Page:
Much of the northwestern Indian Subcontinent (present day Eastern Afghanistan and most of Pakistan) was ruled by the Persian Achaemenid Empire from c. 520 BCE during the reign of Darius the Great, up until its conquest by Alexander. Lands in present-day Punjab, the Indus River from the borders of Gandhara down to the Arabian Sea, and some other parts of the Indus plain, became a satrapy of Alexander's empire. According to Herodotus of Halicarnassus, it was the most populous and richest of all the twenty satrapies of the empire. Achaemenid rule lasted about 186 years. The Achaemenids used the Aramaic script for the Persian language. After the end of Achaemenid rule, the use of Aramaic in the Indus plain diminished, although we know from inscriptions from the time of Emperor Asoka that it was still in use two centuries later. Other scripts, such as Kharosthi (a script derived from Aramaic) and Greek became more common after the arrival of Alexander.
 Alexander's Empire
The interaction between Hellenistic Greece and Buddhism began when Alexander the Great conquered Asia Minor and the Achaemenid Empire, reaching the north-west frontiers of the Indian subcontinent in 334 BCE. There, he was defeated by King Puru in the Battle of the Hydaspes (near modern-day Jhelum, Pakistan) and conquered much of the Punjab. However, Alexander's troops refused to go beyond the Hyphases (Beas) River near modern day Jalandhar, Punjab, India, he crossed the river and ordered to erect giant altars to mark the eastern most extent of his empire on the east bank of the Beas. He also set up a city named Alexandria nearby and left many Macedonian veterans there, he himself turned back and marched his army southwest.
Alexander created garrisons for his troops in his new territories, and founded several cities in the areas of the Oxus, Arachosia, and Bactria, and Macedonian/Greek settlements in Gandhara (see Taxila) and the Punjab. The regions included the Khyber Pass — a geographical passageway south of the Himalayas and the Hindu Kush mountains — and the Bolan Pass, on a trade route connecting Drangiana, Arachosia and other Persian and Central Asian kingdoms to the lower Indus plain. It is through these regions that most of the interaction between South Asia and Central Asia took place, generating intense cultural exchange and trade.
 Greco-Buddhist period
Greco-Buddhism, sometimes spelled Græco-Buddhism, is the cultural syncretism between the culture of Classical Greece and Buddhism, which developed over a period of close to 800 years in the area corresponding to modern-day Afghanistan and Pakistan, between the 4th century BCE and the 5th century CE. Greco-Buddhism especially influenced the artistic development of Mahayana Buddhism, before it was adopted by Central and Northeastern Asia from the 1st century CE, ultimately spreading to China, Korea, and Japan. It was mainly centred about the area of Gandhara, or modern Afghanistan, the area of the subcontinent that had most been influenced by Persian and Greek contact. Gandhara was roughly contemporary to the other Mahajanapada kingdoms elsewhere in India.
 The Magadha empire
Amongst the sixteen Mahajanapadas, the kingdom of Magadha rose to prominence under a number of dynasties that peaked in power under the reign of Asoka Maurya, one of India's most legendary and famous emperors. The kingdom of Magadha had emerged as a major power following the subjugation of two neighbouring kingdoms, and possessed an unparalleled military.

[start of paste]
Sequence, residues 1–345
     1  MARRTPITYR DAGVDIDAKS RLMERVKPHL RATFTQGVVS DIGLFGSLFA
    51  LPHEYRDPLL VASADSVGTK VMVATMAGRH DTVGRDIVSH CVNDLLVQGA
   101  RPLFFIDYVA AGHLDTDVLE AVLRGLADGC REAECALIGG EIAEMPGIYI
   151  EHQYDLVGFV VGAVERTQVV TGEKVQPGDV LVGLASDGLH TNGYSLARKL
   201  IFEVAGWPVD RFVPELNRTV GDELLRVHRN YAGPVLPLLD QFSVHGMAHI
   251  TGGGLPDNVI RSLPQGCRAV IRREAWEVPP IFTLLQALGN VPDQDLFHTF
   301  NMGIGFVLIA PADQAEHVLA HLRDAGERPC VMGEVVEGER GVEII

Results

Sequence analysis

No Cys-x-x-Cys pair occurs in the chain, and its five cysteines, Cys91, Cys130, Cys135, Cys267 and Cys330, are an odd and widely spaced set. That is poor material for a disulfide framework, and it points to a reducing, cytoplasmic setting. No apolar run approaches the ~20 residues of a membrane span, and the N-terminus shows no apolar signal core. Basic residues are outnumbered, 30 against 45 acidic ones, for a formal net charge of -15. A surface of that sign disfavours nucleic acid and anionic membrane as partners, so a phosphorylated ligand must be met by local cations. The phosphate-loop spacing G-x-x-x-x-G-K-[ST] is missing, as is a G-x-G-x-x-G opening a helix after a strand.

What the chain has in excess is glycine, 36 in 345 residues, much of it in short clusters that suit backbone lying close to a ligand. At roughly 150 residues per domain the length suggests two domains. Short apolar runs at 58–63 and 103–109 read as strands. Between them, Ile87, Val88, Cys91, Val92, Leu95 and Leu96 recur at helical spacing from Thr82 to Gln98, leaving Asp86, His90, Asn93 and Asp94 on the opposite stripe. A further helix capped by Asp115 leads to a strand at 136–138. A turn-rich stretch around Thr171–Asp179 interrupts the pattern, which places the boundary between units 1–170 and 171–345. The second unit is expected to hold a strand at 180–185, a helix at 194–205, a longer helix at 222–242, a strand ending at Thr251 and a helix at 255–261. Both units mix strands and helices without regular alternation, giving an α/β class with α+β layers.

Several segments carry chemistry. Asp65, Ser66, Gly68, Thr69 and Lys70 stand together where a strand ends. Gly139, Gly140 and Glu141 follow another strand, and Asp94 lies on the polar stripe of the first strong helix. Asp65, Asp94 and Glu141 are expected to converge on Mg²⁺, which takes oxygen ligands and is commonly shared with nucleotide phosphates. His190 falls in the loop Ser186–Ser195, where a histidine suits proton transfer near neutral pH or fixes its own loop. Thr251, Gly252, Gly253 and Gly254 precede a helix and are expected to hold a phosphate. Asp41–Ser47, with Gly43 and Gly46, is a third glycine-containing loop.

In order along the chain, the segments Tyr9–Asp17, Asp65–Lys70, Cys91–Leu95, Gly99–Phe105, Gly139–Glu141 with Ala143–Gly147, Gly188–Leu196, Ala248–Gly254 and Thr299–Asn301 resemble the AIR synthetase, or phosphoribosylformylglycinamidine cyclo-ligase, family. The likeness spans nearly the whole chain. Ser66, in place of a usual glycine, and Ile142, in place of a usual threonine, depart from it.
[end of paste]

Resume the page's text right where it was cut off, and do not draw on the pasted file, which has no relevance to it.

Haryanka dynasty
According to tradition, the Haryanka dynasty founded the Magadha Empire in 684 BCE, whose capital was Rajagriha, later Pataliputra, near the present day Patna. This dynasty was succeeded by the Shishunaga dynasty.
 Shishunaga dynasty
This period saw the development of two of India's major religions. Gautama Buddha in the 6th or 5th century BCE was the founder of Buddhism, which later spread to East Asia and South-East Asia, while Mahavira founded Jainism. This dynasty lasted till 424 BCE, when it was overthrown by the Nanda dynasty.
 Nanda dynasty
The Nanda dynasty was established by an illegitimate son of the king Mahanandin of the previous Shishunaga dynasty. Mahapadma Nanda died at the age of 88, ruling the bulk of this 100-year dynasty. The Nandas were followed by the Maurya dynasty. It is said that rumors of the huge size of the Nanda army was in part responsible for the retreat of Alexander from India.
 Maurya dynasty
In 321 BCE, exiled general Chandragupta Maurya, under direct patronage of the genius of Chanakya, founded the Maurya dynasty after overthrowing the reigning king Dhana Nanda to establish the Maurya Empire. During this time, most of the subcontinent was united under a single government for the first time. Capitalising on the destabilization of northern India by the Persian and Greek incursions, the Mauryan empire under Chandragupta would not only conquer most of the Indian subcontinent, but also push its boundaries into Persia and Central Asia, conquering the Gandhara region. Chandragupta Maurya was influenced by the jainacharya Bhadrabahu and he adopted Jainism.He is credited for the spread of Jainism in southern Indian region. Chandragupta was succeeded by his son Bindusara, who expanded the kingdom over most of present day India, barring Kalinga, and the extreme south and east, which may have held tributary status. Modern day India is an image of the Mauryana, that tied all the peoples and cultures of the erstwhile separate kingdoms under one banner, and predicted a common destiny for all Indians (then mainly Hindus and Buddhists). The tradition was continued later by the Mughals and the British, who formed similar empires.